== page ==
Participating Life insurance policies

If you buy your policy from a mutual life insurance company, your whole life plan may be “participating.”

Mutual insurance companies are owned by their policyholders.  Instead of shareholders earning dividends, the company’s policyholders earn dividends.

If you have a participating life insurance policy, you will participate in the company’s profits.

In other words, if the insurer makes an operating profit, it will distribute some of this back to its policyholders as a dividend.

Dividends are not guaranteed, but many top mutual insurance companies (e.g., Sons of Norway) have distributed them consistently for decades.

What can you do with policy dividends?

You can do four things with the dividends paid to you from your participating whole life insurance policy:

  1. You can receive a check for the dividend amount.
  2. You can use them to reduce your future premiums.
  3. You can leave it “on deposit” with the insurance company.  This means that it will stay in your cash value account and will continue to grow tax-deferred within your cash value insurance policy account.
  4. Finally, the paid up addition option uses the dividend to buy you can use your dividends to buy additional life insurance.

Check Out: $25K whole life insurance rates

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Whole Life Insurance Cash Value Chart

The charts below show the guaranteed cash value balances for a $10,000 whole life insurance policy from a well-known insurance company.  (If it were purchased at age 40, age 50, age 60, and age 70.)

Cash Value Roll-Forwards

Purchase At Age 40

Year Age Cash Value
1 41 $0
2 42 $0
3 43 $69
4 44 $176
5 45 $286
6 46 $399
7 47 $517
8 48 $638
9 49 $764
10 50 $894
11 51 $1,027
12 52 $1,164
13 53 $1,305
14 54 $1,450
15 55 $1,597
16 56 $1,749
17 57 $1,906
18 58 $2,066
19 59 $2,232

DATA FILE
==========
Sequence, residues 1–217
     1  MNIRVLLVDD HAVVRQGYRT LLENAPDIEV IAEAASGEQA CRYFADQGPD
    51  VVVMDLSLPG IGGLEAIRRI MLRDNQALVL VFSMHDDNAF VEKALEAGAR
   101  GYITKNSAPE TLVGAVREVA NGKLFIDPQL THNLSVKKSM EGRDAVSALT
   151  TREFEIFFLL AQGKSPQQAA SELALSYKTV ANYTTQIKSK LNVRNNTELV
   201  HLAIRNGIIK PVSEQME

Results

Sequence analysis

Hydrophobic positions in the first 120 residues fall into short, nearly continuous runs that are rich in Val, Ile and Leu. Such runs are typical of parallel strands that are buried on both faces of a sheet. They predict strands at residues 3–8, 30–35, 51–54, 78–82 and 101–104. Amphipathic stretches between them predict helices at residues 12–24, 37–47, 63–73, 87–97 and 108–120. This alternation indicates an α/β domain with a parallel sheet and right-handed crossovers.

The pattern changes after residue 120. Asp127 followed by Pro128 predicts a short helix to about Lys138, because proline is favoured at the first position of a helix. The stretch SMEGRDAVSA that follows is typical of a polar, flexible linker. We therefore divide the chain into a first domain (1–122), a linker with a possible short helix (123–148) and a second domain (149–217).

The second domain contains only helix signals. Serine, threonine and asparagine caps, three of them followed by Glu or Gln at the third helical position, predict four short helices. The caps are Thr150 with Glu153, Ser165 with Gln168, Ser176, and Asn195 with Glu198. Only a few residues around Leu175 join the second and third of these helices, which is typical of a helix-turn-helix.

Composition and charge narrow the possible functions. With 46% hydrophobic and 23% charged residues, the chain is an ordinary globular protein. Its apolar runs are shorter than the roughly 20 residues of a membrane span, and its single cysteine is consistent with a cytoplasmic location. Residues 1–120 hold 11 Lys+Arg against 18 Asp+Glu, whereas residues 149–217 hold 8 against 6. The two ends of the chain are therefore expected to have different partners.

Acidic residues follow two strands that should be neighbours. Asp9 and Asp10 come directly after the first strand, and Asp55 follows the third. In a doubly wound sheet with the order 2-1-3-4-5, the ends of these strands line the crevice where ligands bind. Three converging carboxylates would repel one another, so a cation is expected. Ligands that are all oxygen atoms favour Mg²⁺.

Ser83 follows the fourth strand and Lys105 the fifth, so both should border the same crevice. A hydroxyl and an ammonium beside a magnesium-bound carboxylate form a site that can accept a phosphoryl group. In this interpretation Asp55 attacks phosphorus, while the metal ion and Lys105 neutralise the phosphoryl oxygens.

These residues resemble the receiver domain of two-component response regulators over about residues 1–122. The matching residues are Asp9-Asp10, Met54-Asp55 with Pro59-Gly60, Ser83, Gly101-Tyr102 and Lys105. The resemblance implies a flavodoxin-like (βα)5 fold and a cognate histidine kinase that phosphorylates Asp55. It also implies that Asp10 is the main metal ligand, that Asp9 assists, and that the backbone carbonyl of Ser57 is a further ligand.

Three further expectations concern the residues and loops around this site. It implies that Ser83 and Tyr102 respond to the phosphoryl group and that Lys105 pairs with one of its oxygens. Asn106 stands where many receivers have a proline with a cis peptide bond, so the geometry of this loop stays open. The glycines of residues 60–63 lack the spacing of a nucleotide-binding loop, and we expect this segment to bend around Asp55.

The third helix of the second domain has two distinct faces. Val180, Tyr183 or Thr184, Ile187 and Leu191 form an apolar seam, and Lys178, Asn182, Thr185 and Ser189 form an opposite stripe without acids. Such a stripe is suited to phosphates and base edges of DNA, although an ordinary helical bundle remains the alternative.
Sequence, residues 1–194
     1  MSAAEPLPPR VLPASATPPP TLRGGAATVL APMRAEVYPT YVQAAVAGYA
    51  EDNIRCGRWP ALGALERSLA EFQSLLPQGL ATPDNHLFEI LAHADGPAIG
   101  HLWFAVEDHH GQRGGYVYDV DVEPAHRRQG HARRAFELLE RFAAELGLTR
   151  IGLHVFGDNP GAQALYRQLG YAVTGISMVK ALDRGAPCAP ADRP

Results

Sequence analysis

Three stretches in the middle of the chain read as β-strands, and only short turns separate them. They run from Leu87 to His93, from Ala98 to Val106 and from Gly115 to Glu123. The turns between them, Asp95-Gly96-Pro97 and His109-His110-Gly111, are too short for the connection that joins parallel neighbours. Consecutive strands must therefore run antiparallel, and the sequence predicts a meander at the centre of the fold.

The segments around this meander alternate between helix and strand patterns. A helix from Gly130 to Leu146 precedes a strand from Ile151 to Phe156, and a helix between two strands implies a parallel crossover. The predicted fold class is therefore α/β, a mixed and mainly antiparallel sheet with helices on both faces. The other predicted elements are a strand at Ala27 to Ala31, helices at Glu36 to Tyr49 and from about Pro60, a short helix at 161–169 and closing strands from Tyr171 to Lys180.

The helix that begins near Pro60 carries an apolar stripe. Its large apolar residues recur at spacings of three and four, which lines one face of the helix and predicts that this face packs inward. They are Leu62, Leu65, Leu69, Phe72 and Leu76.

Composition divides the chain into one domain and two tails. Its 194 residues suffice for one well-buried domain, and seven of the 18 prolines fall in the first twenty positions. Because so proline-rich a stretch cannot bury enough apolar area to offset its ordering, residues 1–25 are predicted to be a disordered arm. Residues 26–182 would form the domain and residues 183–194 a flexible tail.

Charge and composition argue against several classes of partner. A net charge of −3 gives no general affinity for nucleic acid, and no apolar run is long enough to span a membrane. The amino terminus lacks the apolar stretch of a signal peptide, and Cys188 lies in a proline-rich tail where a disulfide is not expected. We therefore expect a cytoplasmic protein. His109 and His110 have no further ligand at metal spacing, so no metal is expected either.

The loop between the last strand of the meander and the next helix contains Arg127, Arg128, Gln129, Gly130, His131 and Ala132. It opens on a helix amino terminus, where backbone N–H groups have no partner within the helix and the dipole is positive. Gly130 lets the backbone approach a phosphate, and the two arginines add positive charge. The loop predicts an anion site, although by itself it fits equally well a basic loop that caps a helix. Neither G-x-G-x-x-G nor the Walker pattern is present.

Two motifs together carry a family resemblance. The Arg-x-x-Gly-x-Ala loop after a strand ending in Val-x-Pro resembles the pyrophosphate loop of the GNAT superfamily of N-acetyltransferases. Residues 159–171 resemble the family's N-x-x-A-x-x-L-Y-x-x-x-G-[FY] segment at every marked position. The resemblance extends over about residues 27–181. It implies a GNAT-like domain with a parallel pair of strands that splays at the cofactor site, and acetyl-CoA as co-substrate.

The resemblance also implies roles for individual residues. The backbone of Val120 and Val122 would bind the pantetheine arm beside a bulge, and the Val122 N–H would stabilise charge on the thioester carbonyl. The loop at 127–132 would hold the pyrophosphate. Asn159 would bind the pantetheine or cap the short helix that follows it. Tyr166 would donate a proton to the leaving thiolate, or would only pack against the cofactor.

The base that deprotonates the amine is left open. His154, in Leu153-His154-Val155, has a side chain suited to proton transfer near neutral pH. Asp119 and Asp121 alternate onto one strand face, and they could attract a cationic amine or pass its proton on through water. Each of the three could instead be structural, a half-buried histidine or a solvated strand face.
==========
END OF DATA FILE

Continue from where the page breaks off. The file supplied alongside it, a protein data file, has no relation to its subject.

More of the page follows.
20 60 $2,402
21 61 $2,576
22 62 $2,754
23 63 $2,935
24 64 $3,119
25 65 $3,306
26 66 $3,497
27 67 $3,690
28 68 $3,888
29 69 $4,088
30 70 $4,290
31 71 $4,495
32 72 $4,701
33 73 $4,908
34 74 $5,114
35 75 $5,320
36 76 $5,526
37 77 $5,730
38 78 $5,934
39 79 $6,136
40 80 $6,336
41 81 $6,534
42 82 $6,728
43 83 $6,917
44 84 $7,102
45 85 $7,279
46 86 $7,448
47 87 $7,608
48 88 $7,757
49 89 $7,894
50 90 $8,018

Purchase At Age 50

Year Age Cash Value
1 51 $0
2 52 $2
3 53 $161
4 54 $324
5 55 $492
6 56 $664
7 57 $840
8 58 $1,022
9 59 $1,210
10 60 $1,402
11 61 $1,599
12 62 $1,800
13 63 $2,005
14 64 $2,214
15 65 $2,426
16 66 $2,641
17 67 $2,860
18 68 $3,083
19 69 $3,310
20 70 $3,539
21 71 $3,771
22 72 $4,004
23 73 $4,238
24 74 $4,472
25 75 $4,705
26 76 $4,937
27 77 $5,169
28 78 $5,399
29 79 $5,628
30 80 $5,854
31 81 $6,078
32 82 $6,297
33 83 $6,512
34 84 $6,720
35 85 $6,921
36 86 $7,113
37 87 $7,294
38 88 $7,462
39 89 $7,617
40 90 $7,758

Purchase At Age 60

Year Age Cash Value
1 61 $0
2 62 $49
3 63 $297
4 64 $550
5 65 $808
6 66 $1,069
7 67 $1,335
8 68 $1,606
9 69 $1,880
10 70 $2,159
11 71 $2,440
12 72 $2,723
13 73 $3,007
14 74 $3,291
15 75 $3,574
16 76 $3,856
17 77 $4,136
18 78 $4,416
19 79 $4,694
20 80 $4,969
21 81 $5,240
22 82 $5,506
23 83 $5,766
24 84 $6,019
25 85 $6,263
26 86 $6,496
27 87 $6,716
28 88 $6,920
29 89 $7,108
30 90 $7,279

Purchase At Age 70

Year Age Cash Value
1 71 $0
2 72 $163
3 73 $547
4 74 $930
5 75 $1,313
6 76 $1,694
7 77 $2,074
8 78 $2,451
9 79 $2,827
10 80 $3,199
11 81 $3,565
12 82 $3,925
13 83 $4,277
14 84 $4,619
15 85 $4,949
16 86 $5,263
17 87 $5,560
18 88 $5,836
19 89 $6,090
20 90 $6,321
21 91 $6,530
22 92 $6,718
23 93 $6,889
24 94 $7,046
25 95 $7,198
26 96 $7,345
27 97 $7,485
28 98 $7,616
29 99 $7,735
30 100 $7,842

Check Out: Costs for a $50,000 Life Insurance Plan

How To Use Cash Value of Whole Life Insurance

Because high cash value life insurance premiums can be pricey, you need to know how to access the money in your policy.

There are different ways to use the money you get from your life insurance policy. You can cash it out, take out a loan, or do something else with it.

If you don’t want your policy anymore, do not let it lapse. You will lose your death benefit and any cash value you could have received if it lapses.

Some things you can do with your cash value:

1. Pay your premiums

Variable and universal life insurance allows you to use your cash value to pay premiums.

Most whole life insurance policies do not let you use the cash value to pay your premiums. However, some insurance companies do offer a paid-up policy option.